I once asked my oldest Berlin friend to name her centre of city. ‘The Ku’damm,’ she answered without hesitation.
Her answer warmed my romantic soul. Was she recalling perhaps a candle-lit rendezvous at the Café Kranzler? Or a late-night stroll along Germany’s most famous boulevard, arm-in-arm with the man she loved? Or was she remembering (one can never really be sure with Berliners) her coming out in 1989 at the inaugural Loveparade?
‘Because it was there that I first rioted against capitalism,’ she told me, shattering my gentle preconceptions.
Today the Ku’damm is a glittering two mile-long temple to consumerism with high-rent retailers like Hermès, Rolex, Mont Blanc and Louis Vuitton. West Berlin’s ‘High Street’ dates back to the 16th century when Elector Joachim II ordered a track to be built between the Schloss and his hunting lodge. In the 1870s Bismarck transformed the dirt road into a boulevard to rival the Champs-Élysées. The Kurfürstendamm was home to Berlin’s upper middle class up until the Second World War and then, with the division of the city in 1961, it became both the outpost and showpiece of (and battleground against) western capitalism.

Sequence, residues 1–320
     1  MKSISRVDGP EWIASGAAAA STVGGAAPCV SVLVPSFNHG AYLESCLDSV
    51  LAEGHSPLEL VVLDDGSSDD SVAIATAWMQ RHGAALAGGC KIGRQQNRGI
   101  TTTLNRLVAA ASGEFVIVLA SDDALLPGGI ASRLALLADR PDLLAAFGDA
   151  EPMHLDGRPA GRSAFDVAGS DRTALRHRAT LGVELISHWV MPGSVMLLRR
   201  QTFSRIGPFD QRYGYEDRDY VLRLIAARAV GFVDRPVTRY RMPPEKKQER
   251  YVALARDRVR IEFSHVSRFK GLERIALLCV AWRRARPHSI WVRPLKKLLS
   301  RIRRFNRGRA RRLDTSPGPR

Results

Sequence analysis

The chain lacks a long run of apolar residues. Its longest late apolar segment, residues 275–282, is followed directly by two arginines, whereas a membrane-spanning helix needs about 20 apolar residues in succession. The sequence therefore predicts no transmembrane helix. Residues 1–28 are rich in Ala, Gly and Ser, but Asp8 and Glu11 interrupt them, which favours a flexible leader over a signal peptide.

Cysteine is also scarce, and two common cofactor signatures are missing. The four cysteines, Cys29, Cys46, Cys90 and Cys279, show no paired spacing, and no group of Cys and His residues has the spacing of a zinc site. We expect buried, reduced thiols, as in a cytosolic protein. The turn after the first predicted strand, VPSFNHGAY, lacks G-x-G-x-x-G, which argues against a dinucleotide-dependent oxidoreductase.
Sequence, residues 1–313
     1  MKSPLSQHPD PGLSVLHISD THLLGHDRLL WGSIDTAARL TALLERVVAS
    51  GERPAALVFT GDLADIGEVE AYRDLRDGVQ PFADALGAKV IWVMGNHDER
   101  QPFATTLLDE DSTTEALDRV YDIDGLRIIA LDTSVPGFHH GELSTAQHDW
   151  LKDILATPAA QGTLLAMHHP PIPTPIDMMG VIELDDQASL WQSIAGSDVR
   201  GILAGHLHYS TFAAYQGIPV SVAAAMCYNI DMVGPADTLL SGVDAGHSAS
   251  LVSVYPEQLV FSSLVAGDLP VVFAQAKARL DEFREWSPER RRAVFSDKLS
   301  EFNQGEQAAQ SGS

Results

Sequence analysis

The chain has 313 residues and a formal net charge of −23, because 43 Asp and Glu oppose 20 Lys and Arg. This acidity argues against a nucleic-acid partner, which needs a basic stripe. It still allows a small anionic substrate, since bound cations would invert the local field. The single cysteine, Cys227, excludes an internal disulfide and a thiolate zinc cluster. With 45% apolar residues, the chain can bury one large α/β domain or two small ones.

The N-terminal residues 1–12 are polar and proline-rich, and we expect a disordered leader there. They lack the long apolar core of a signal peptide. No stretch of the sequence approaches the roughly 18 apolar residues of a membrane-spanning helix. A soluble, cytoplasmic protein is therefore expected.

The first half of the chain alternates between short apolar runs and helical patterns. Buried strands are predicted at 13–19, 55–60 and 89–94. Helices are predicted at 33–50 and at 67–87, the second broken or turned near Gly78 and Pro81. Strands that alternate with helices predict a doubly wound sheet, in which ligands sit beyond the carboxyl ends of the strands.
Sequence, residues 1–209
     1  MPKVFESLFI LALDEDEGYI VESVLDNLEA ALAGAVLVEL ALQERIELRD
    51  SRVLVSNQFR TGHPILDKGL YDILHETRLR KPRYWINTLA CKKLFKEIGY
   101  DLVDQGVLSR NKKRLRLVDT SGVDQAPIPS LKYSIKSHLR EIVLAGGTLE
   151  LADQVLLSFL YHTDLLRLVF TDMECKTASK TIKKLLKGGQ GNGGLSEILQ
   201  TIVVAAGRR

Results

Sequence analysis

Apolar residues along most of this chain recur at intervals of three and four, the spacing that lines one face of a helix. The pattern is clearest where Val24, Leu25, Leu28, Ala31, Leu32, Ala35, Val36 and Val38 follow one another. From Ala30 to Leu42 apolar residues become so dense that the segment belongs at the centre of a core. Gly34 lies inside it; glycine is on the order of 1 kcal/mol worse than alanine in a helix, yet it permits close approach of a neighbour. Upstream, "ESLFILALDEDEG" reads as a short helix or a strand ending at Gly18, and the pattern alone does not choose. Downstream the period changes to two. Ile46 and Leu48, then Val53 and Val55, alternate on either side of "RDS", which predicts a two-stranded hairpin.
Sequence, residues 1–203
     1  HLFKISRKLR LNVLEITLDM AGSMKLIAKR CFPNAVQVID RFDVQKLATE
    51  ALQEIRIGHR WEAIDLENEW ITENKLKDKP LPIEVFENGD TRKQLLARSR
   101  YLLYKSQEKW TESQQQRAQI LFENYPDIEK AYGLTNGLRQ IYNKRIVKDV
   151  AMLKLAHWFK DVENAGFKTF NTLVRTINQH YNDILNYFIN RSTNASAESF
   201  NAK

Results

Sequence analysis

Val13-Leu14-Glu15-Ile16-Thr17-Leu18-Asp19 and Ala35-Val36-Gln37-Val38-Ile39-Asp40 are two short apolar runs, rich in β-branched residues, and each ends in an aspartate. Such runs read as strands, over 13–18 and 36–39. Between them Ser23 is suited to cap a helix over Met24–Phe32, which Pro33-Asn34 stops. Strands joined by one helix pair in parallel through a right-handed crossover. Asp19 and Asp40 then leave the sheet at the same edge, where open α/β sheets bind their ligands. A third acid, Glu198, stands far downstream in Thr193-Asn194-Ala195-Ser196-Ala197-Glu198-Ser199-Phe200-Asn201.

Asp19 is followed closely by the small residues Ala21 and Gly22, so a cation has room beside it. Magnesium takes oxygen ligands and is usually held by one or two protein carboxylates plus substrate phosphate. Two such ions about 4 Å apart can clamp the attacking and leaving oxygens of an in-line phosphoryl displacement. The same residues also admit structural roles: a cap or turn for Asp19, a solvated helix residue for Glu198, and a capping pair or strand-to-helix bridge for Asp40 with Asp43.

As I wrote last week, a city is best discovered on foot so I’m sketching out a few of my favourite Berlin walks over the month.
KaDeWe – Berlin’s original temple to consumerism -- is the starting point for this 90 minute Ku’damm walk. The vast Kaufhaus des Westens at Wittenbergplatz station (U1 U2 U3) is approaching its first centenary. Check out the wonderful food floor, which rivals Harrods’ food hall. Next head up Tauentzienstrasse to Breitscheidplatz. The five year ‘Zoofenster’ building project will revitalise the square. Do not miss the Kaiser Wilhelm Gedächtis church. Destroyed during the last war, the church was rebuilt in the early 1960s and its stained glass, designed by the French artist Gabriel Loire, is among the most beautiful and soothing in the world. Now stroll west along Ku’damm itself, people-watching, window-shopping and café-stopping (my favourite is the Literaturhaus Café off Fasanenstrasse, near to where Frederick the Great build Berlin’s first peasantry). Stop by the Ku’damm Karree, soon to be redeveloped by David Chipperfield, the gifted architect who turned the Neues Museum into the Europe’s most exciting museum building. Berlin’s ‘Gold Coast’ glitters most brightly at George-Grosz-Platz, a favoured corner for wealthy Russian residents. Finally beyond Adenauerplatz, at the corner of Joachim-Friedrich Straße, you reach an important point in 'Red' Berlin’s history. The crossroads today may feature a less-than-revolutionary Saab dealership and branch of the Commerzbank, but it was here in 1968 that Rudi Dutschke – the youth leader who advocated for the overthrow of the Federal Republic – was shot.